What can we learn from an artist who lived almost five hundred years ago?? Quite a bit I’d say. de Heem’s facility with paint creates a wonderfully luscious world that emanates perfection. An idealized existence that is in essence an inspiration to us to achieve greatness because it is possible. The images he left behind are a testament to that.
Cornelis de Heem (baptized 8 April 1631, Leiden – buried 17 May 1695, Antwerp was a still-life painter associated with both Flemish Baroque and Dutch Golden Age painting. He was a member of a large family of still-life specialists, of which his father, Jan Davidszoon de Heem (1606–1684), was the most significant.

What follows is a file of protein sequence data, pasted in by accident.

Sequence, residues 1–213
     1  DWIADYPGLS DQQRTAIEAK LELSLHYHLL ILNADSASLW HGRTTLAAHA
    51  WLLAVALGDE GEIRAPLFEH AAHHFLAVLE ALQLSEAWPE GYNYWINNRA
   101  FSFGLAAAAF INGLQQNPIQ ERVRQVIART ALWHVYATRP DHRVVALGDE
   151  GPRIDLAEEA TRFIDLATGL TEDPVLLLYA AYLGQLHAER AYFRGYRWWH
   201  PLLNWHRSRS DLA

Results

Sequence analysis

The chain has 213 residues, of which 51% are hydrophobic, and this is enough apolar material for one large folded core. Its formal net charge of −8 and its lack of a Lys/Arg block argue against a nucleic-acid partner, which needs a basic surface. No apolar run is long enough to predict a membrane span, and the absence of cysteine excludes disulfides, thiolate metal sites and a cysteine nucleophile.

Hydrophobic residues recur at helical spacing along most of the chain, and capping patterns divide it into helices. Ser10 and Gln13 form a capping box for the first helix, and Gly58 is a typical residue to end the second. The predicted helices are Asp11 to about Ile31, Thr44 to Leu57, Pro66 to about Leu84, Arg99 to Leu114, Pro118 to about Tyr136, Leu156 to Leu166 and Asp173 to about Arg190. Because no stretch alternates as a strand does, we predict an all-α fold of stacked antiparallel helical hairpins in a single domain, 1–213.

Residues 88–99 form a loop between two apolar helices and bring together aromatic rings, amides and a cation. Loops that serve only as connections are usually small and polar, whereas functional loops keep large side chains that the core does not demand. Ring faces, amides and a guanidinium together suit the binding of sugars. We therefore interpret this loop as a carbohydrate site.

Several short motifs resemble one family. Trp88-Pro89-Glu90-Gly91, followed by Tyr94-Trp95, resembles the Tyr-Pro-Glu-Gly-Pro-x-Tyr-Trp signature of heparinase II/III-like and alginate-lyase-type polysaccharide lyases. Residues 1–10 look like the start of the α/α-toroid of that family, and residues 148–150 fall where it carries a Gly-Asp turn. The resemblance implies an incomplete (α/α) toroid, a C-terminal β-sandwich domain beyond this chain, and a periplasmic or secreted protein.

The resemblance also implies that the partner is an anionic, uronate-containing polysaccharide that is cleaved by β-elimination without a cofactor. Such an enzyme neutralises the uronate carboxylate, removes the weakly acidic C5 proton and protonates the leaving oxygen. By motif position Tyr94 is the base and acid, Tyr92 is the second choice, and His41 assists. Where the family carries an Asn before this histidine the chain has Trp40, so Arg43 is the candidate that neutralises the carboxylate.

Cornelis was baptised in Leiden on 8 April 1631, and moved with his family to Antwerp in 1636. He appears to have been trained by his father in Antwerp, who, like him, was born in the Dutch Republic but died in the Southern Netherlands. Jan’s subsequent career, like many painters—especially after the Peace of Westphalia in 1648—moved fluidly between the two traditionally-connected areas of the north and south Low Countries. He became a member of the Antwerp painters’ guild in 1660, and from 1667 until the late 1680s he was variously active in Utrecht, IJsselstein, and The Hague. It is often not easy to distinguish the works of the different members of the family, which included his brother Jan Jansz., nephew Jan Jansz. II, and son David Cornelisz. (1663–after? 1718), who all painted mostly flower and fruit pieces in a similar style and probably often collaborated. Cornelis’s works, however, tend to be small, display a preference for strong blues, and, over time, shifted away from the painterly style preferred by his father.